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Several companies I am working with right now are going through various assessment and discovery programs to create justification for larger projects.  This builds on the material presented online last week.

The problem is, most assessments are too technical.  A change is needed if justification is going to be found in your discovery/assessment process.  Here are some points to consider:

  • The assessment should be asset focused.  This means that the questions being asked focus on critical data and applications, rather than infrastructure.  This type of questioning process starts with asset owners who understand the value of their data and how it is used to generate company profits.
  • Business driven.  The discovery process is conducted with business people first.   Questions deal with the business, the data used in the business, and the processes used to conduct business.  Keep you client’s clients in mind, and you’ll be speaking their language.
  • Verified through technical discovery.  Once the business level discovery is complete, you the seller, should have a picture of how data is being created, but whom, and for what.  You will also have ideas on what this company could be doing to improve their situation.  What kinds of automation, risk mitigating strategies, and technology applications would make things more efficient or more secure.  Once you have this, send your technical people into the IT areas for see what is really going on technically.  Validate your hunches and figure out what they really need.
  • Recommendations are written at the asset owner level.  Putting together your findings is the next step, but more often than not, these findings are too technical and not meaningful or understandable by business level people; those who will ultimately approve budget.  Make concrete recommendations – recommendations your business level clients can visualize.
  • Back up recommendations with technical appendices.  I like to treat this as a separate document – something that can be handed to technical people.  The documents you hand to business people must be short, easily absorbed, and strategic. Technical people may have questions and will often not see value in strategic level writings, so having some technical diagrams, data collected, or other evidence that your technical people know what they are doing is a good idea.  This needs to be something that can be handed directly to IT.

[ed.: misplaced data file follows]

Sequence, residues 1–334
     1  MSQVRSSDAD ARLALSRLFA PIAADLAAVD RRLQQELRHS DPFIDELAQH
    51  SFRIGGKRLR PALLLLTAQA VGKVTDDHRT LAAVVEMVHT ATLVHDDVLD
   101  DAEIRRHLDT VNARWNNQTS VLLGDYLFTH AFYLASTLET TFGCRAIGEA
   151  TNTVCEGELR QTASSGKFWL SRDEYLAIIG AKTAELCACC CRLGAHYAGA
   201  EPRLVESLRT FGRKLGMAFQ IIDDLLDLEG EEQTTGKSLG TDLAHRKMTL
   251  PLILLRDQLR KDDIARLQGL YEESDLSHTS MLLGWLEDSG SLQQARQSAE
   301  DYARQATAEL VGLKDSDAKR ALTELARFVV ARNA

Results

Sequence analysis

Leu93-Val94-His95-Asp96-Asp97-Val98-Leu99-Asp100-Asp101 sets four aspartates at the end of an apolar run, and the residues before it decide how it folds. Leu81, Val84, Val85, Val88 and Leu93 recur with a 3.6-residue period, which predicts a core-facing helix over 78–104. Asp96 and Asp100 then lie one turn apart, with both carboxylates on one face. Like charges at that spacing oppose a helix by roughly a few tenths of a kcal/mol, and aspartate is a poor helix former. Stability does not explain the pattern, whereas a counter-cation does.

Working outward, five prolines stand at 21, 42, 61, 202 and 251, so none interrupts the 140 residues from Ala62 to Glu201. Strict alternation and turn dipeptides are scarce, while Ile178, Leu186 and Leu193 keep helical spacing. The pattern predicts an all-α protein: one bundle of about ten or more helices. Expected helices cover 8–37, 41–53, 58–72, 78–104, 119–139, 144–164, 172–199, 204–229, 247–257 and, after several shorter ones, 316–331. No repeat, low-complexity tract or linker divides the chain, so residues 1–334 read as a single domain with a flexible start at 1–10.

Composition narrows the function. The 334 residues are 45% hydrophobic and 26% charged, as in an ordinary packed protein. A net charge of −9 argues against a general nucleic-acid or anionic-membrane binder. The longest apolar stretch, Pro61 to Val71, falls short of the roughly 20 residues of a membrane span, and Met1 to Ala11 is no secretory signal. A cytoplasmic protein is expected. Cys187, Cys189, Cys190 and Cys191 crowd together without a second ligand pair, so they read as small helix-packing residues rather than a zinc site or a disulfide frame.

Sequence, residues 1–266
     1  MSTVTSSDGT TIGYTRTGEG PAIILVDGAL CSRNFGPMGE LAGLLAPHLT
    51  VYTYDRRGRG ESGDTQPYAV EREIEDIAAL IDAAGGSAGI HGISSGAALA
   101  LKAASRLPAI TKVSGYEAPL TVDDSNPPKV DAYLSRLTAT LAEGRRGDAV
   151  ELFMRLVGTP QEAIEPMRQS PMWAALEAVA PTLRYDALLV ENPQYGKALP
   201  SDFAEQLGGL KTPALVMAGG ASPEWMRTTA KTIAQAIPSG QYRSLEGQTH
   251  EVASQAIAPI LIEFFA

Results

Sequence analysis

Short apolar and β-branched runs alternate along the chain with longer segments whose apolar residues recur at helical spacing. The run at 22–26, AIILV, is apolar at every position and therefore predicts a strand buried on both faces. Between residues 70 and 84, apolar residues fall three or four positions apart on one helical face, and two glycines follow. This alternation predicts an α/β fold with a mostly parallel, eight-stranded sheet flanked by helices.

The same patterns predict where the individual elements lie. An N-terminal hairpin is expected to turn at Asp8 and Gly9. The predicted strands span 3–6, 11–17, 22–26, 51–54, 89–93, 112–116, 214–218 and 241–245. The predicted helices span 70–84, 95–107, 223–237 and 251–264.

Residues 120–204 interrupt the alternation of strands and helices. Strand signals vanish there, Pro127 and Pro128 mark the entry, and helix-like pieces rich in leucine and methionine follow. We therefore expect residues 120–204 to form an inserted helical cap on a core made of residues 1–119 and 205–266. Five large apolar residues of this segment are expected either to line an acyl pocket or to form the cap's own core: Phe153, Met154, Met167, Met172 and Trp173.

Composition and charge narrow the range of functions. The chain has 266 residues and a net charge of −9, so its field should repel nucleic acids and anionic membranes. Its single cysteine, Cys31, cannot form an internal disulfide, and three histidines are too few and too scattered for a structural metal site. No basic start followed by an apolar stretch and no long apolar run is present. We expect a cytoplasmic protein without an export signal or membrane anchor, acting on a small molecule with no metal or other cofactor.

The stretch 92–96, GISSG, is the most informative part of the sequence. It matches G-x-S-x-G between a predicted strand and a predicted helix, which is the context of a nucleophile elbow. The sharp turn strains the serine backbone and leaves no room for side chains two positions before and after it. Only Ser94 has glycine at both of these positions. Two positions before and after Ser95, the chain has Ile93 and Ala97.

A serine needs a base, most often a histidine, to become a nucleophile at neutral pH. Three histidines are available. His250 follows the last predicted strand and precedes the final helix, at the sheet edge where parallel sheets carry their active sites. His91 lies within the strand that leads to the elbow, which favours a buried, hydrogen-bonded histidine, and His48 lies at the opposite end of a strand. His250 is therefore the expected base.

• Present to asset owners.  Your goal is the personally present your recommendations and justification to asset owners, helping them visualize what you are recommending and why.  I like to use the phrase, “What if we could do this or provide that to your customers by doing…?”  Going through several scenarios, I am looking for nodding heads or signs of interest.  There may be some things presented where they look puzzled or disinterested.  Either provide more detail to get buy-in or move on to the things they agree are important.  This is where you will focus your value proposition and proposals/agreements.
  • Have your technical people get with their technical people. Once you have buy-in, your technical people can work with theirs to make sure you have their complete agreement. Your technical people should have already developed this relationship before the discovery process takes place.  This paves the way for acceptance all around.

Remember to focus on the urgent issues – things with high impact, high likelihood.  Many of the things we deem important are not important to decision makers.  We can either work to educate them on why they really are important, or move on to the things they are concerned about.

© 2011, David Stelzl

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How are resellers showing an ROI on managed services deals in order to sell them?  (If you are in channels, I’d be interested in hearing what you are seeing from your partners as well).  Here are some observations along with a White Paper I have written on using assessments to accelerate sales cycles by providing justification to the buyer through risk.

WHITE PAPER: (click and download the Assessment document)